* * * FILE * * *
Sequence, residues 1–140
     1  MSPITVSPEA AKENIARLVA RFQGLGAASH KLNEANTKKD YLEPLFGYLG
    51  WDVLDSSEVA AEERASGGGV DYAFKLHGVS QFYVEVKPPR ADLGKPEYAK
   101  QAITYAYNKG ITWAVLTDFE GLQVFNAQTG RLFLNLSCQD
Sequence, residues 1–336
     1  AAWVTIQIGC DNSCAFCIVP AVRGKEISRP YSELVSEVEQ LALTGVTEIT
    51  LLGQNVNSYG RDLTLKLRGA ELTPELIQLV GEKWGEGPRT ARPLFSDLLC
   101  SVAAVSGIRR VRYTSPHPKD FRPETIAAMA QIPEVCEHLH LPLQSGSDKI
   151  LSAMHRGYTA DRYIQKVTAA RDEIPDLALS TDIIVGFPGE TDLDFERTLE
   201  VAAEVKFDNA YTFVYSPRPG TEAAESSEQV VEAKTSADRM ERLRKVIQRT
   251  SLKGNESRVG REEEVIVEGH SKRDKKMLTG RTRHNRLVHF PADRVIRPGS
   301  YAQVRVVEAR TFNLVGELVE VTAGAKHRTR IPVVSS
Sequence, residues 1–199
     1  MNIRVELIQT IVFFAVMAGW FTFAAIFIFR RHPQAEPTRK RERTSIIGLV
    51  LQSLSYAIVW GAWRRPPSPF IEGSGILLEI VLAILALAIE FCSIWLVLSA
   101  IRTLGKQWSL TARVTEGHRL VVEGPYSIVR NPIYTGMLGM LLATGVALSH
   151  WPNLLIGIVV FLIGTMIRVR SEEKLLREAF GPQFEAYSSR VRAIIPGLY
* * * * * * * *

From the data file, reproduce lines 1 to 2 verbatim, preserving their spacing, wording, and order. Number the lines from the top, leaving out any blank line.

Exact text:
Sequence, residues 1–140
     1  MSPITVSPEA AKENIARLVA RFQGLGAASH KLNEANTKKD YLEPLFGYLG